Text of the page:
Hana Shalabi

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Hana Shalabi
Hana Shalabi.gif
Native name
هناء شلبي
Hana Yahya Shalabi

(1983-07-02) 2 July 1983 (age 36)
ResidenceBurqin, Jenin, West Bank[1]

Hana Shalabi (Arabic: هناء يحيى شلبي‎; born 2 July 1982) is a Palestinian prisoner in Israel, held in administrative detention.

On 16 February 2012, the Israeli military arrested[2] Shalabi at her home in Jenin, in the Palestinian administered territories of the West Bank. She is believed to be a supporter of the Palestinian Islamic Jihad, however, her father has denied that she is an active member. The Israeli prison authority said she was taken into custody for unspecified terror activity.[3] To protest against being held without charge, she began her hunger strike.[2] She ended her hunger 43-day hunger strike on 29 March after a deal with Israel in which she is to be deported to the Gaza Strip and stay there for three years.[2]

Many protests were held within the Palestinian territories in solidarity with Shalabi, and her arrest was condemned by the Palestinian leadership. Shalabi had also been detained previously in 2009 and released two years later in October, 2011 during the Gilad Shalit prisoner exchange between Israel and Hamas.


Shalabi is from the village of Burqin near Jenin in the northern West Bank,[4] although her family originates from Haifa.[5] Her brother was killed by the Israeli Army in 2005.[4]

In September 2009, she was arrested by Israeli authorities.[6] No charges were brought against her.[7] She remained in continuous detention for 25 months before being released in the prisoner swap deal between Hamas and Israel in October 2011.[4] After her release Shalabi planned on studying nursing at al-Rawda College in Nablus.[8]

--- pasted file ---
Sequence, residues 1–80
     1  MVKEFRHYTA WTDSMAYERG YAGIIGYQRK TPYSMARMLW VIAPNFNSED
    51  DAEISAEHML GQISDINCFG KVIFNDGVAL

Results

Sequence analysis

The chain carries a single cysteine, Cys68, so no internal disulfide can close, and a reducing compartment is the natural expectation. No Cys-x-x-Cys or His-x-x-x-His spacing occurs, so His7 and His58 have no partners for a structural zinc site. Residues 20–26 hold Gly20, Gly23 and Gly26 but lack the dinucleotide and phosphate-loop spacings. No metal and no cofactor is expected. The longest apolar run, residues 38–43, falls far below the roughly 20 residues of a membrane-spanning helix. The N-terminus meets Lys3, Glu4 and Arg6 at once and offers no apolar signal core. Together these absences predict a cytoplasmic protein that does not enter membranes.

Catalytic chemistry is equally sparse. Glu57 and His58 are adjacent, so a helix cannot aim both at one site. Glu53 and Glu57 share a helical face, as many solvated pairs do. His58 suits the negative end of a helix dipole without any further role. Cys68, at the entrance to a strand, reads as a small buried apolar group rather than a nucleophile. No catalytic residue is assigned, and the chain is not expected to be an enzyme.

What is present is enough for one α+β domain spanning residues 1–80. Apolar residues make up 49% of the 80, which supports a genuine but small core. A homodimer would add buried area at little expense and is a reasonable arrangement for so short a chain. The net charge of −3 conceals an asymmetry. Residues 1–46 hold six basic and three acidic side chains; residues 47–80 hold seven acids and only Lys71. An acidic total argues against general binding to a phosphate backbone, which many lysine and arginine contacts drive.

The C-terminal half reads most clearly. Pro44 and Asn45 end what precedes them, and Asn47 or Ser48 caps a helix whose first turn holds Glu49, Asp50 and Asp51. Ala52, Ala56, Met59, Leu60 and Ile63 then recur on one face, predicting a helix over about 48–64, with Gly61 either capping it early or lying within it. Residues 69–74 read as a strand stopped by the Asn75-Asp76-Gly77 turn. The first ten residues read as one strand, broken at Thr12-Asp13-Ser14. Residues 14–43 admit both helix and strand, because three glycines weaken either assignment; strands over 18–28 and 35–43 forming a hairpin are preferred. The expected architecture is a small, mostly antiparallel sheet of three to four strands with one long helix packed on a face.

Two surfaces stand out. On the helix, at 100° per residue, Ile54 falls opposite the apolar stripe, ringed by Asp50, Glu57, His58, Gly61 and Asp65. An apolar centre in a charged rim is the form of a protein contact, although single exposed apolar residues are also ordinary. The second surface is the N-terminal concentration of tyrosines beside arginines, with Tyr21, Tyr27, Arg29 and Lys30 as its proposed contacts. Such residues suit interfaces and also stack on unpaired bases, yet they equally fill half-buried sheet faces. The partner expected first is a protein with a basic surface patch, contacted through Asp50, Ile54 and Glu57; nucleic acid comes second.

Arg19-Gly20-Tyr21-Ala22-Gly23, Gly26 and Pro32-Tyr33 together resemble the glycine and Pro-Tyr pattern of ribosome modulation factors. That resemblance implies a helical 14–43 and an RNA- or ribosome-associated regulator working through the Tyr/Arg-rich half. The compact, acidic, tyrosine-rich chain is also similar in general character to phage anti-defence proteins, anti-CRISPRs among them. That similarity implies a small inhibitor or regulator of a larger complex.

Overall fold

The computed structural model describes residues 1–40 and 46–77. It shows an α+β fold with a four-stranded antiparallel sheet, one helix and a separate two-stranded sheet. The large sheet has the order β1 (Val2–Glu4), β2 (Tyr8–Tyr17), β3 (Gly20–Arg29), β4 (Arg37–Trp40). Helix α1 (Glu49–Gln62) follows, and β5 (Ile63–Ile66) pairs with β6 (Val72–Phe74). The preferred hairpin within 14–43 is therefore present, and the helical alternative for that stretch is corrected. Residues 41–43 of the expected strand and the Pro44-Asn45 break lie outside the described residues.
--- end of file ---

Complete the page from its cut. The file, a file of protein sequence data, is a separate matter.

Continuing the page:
Shalabi is alleged to be a supporter of the Palestinian Islamic Jihad (PIJ), an organization that violently opposes the existence of Israel, and which Israel considers to be a terrorist organization, and is designated as a "Foreign Terrorist Organization" by the United States Department of State.[9][10] Hana Shalabi's father denies that she is active in the organization.[6]

Arrest and hunger strike[edit]

On 16 February 2012, Israeli forces arrested Hana Shalabi from her home in Jenin. During the raid, Israeli soldiers assaulted her and ransacked their home, according to Hana's father.[4] Upon detention, Shalabi said she was subjected to an embarrassing body search by a male soldier.[11]

Shalabi was issued a six-month administrative detention order on 23 February. She was neither charged with a crime, nor given a trial.[7] An Israeli Army spokesman commented that Shalabi was "a global jihad-affiliated operative" that "posed a threat to the area" and that she assaulted the soldiers who arrested her.[12] Shalabi immediately began a hunger strike to protest her arrest and detention.[4] Her father, Yahya, stated Shalabi was emulating prisoner Khader Adnan, who ended his 66-day hunger strike on 21 February 2012.[4] She is one of five Palestinians to have been rearrested after being released in the Hamas-Israel prisoner swap.[13] During the first week of her arrest, Shalabi said she was beaten, abused, blindfolded and placed in solitary confinement, according to her attorney.[14]

In March, Shalabi said she was approached by an officer who asked her to remove her clothes so he could search her. Shalabi said "When I refused, he called other officers who tied me up and started beating me."[15]

On 20 March, Physicians for Human Rights-Israel (PHR-IL) stated Shalabi was in "immediate risk of death." PHR Executive Director Ran Cohen said she had lost 14 kilograms (31 lbs) since the hunger strike began and that she was in massive pain. The PHR-Israel along with other human rights groups have questioned the "adequacy and timeliness" of her treatment by the Israeli prison authorities concerning her health conditions. The Israeli Prison Service has stated Shalabi is currently receiving treatment at the prison clinic, but the PHR has called for her to be transferred to a hospital.[10] Via her lawyer Jawad Bolous, Shalabi stated "It's true our lives are very precious, but our freedom is even more precious and more powerful than their cells."[5]